How Adventurers and Entrepreneurs Dance: The Story of Tehran Travel Show
What would be the outcome of an entrepreneur and a Guinness record holder adventurer? Fun, hard work, and impact. I’m writing this article because we have just finished organizing the first but not the last Tehran Travel Show event series, and I can wait but to share the whole experience and what I have learned from hosting the event. What can an entrepreneur learn from working with an adventurer? What types of challenges might you face? And what was the purpose of organizing this event?
But first, let me give you a bit more information about the event if you haven’t heard of already!
Tehran Travel Show was an inspiring multimedia event, organized at 23rd and 24th of November 2017, at Pardis Mellat, Tehran. The event purpose was to give it’s audience the tools and know-how as well as the confidence to travel like an expert. Participating in the lectures and workshops gave the audience the skills and knowledge of how to get around obstacles such as visa, time, language barrier, money and open your eyes to the world of possibilities and boost your confidence.
They say your best memories found within the pages of your passport. We all have good and bad ones to share about the places we have been to. Several professional adventurers converged in Tehran to show enthusiasts the ways they can plan memorable trips. Watch PRESS TV correspondent Hamid Javani report about the event.
Hosted by some of the most experienced world-class international travelers and adventurers, the event was the final big day for travel enthusiast whatever your age or ability with a great big dollop of inspiring ideas for travel wherever you turn. I was lucky to be the event organizer.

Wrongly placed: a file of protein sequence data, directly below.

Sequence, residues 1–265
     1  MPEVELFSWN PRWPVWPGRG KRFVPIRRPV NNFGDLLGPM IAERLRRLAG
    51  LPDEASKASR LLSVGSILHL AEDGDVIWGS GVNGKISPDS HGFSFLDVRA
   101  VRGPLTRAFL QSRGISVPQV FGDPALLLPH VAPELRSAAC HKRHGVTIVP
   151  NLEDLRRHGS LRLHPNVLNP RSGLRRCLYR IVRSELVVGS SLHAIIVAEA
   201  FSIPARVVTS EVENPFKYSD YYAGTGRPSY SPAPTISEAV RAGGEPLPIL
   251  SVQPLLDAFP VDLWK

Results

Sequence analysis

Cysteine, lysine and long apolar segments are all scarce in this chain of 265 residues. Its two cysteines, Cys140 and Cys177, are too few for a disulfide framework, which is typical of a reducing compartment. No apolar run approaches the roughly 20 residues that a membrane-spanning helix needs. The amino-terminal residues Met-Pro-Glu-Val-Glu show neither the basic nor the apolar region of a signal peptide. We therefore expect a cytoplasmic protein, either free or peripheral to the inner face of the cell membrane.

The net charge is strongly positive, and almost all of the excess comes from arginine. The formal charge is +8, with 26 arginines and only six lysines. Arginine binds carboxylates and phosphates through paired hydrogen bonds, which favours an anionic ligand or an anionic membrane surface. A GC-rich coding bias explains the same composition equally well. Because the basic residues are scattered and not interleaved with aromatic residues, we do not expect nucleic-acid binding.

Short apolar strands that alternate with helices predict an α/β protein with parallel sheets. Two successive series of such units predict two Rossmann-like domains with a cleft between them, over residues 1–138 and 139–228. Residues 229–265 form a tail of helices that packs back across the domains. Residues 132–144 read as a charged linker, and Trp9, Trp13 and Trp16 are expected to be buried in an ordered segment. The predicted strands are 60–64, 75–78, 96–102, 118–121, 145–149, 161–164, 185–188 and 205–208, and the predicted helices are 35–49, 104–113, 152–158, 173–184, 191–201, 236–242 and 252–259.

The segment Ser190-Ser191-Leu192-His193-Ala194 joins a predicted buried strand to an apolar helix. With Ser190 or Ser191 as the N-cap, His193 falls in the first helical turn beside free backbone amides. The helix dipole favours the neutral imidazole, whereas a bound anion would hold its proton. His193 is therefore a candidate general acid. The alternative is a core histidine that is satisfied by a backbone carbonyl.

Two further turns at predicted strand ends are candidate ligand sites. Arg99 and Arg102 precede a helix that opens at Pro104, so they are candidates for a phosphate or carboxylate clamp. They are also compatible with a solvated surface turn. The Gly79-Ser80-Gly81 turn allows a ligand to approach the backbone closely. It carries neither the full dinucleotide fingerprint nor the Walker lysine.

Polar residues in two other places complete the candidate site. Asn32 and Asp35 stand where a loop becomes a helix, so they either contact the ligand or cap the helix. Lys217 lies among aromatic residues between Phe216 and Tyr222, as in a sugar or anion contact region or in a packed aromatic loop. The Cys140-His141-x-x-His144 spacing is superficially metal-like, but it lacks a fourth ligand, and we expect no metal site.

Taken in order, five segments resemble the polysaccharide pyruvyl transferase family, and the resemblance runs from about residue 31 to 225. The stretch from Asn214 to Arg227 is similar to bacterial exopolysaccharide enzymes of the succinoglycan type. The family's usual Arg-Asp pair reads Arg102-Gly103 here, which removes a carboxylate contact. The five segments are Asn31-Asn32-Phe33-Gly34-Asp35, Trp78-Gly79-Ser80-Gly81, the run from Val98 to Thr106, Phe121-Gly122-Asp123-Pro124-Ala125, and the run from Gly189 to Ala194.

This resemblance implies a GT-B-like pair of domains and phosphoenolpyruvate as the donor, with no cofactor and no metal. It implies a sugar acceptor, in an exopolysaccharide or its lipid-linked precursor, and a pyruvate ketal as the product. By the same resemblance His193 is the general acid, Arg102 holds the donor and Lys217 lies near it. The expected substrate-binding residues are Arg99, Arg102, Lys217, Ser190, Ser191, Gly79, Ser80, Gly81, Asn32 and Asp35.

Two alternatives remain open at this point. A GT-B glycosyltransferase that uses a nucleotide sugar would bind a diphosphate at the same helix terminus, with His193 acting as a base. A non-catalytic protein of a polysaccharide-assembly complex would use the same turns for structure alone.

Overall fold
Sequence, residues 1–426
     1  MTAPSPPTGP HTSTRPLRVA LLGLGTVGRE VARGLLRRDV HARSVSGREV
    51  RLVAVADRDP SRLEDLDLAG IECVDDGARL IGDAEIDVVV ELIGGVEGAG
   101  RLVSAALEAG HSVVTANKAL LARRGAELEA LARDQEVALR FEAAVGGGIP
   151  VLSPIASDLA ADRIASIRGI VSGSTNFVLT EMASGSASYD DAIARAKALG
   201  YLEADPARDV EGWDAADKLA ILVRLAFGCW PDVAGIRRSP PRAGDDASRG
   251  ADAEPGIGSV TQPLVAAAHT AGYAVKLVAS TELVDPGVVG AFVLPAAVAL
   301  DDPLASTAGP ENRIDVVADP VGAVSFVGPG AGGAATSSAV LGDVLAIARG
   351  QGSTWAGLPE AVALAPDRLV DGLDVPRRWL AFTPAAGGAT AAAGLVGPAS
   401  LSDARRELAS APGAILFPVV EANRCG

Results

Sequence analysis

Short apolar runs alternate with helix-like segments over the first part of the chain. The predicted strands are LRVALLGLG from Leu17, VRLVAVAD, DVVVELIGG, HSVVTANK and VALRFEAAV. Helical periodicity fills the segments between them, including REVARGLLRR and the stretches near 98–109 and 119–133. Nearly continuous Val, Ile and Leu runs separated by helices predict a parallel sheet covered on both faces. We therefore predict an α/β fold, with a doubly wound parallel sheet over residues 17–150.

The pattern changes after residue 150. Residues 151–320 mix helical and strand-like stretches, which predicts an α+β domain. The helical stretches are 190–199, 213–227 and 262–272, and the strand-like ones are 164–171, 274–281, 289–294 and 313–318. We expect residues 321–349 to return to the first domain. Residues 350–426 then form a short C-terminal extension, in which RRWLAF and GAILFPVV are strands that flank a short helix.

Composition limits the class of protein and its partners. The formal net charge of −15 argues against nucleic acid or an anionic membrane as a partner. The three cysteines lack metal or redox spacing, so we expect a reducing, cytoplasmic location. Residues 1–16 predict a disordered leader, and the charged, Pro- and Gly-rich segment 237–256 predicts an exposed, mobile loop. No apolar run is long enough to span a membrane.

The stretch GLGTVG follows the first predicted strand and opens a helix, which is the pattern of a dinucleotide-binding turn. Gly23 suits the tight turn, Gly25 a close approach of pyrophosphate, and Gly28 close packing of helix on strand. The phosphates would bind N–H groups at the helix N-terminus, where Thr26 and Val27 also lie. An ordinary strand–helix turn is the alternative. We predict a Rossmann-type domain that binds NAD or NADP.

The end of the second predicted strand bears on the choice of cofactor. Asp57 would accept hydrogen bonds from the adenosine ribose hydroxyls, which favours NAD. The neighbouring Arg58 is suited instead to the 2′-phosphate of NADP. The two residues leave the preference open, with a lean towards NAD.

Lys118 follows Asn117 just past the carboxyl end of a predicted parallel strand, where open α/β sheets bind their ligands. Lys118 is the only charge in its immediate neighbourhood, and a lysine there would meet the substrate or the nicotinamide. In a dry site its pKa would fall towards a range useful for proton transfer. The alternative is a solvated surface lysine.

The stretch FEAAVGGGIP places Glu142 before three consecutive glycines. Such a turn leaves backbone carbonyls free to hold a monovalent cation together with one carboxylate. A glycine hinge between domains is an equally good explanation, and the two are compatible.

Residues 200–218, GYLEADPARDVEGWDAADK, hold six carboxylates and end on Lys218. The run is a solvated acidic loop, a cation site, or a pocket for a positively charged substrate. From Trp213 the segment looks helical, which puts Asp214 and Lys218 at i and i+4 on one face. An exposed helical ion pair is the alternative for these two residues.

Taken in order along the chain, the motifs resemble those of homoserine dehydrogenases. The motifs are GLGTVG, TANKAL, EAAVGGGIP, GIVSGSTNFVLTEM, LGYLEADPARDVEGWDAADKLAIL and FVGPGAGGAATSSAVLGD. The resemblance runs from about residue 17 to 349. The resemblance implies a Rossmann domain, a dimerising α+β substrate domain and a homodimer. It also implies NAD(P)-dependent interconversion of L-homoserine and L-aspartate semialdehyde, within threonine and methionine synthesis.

The whole journey started when I met one of my extraordinary friends in Tehran. Listed amongst the world’s top 20 most seasoned travelers by Men’s Fitness magazine Reza Pakravan
He told me that there are a handful of people contacting him and ask basic to professional questions about adventure travel and to my ears it was an “opportunity” knowing we can find all pieces of the puzzle to create not just an event, series of events, or initiative, but a movement to inspire people to go to exciting places!
As an active member of Iran’s startup ecosystem, I have had the chance of accompanying more than ten startups, some are among the leading startups of Iran today, and some failed, of course. Also, I have been lucky enough to organize some significant events in Tehran. I look into organizing an event in precisely the same way. It’s precisely the same thing, in a smaller scope. The negotiations, partnerships, time to market, sales, the idea and purpose, branding, I can see a lot of similarities, especially if you know my style which is always bootstrap, meaning I don’t spend a penny for my events upfront. And I always say if you can organize a significant event in Tehran, you can do anything!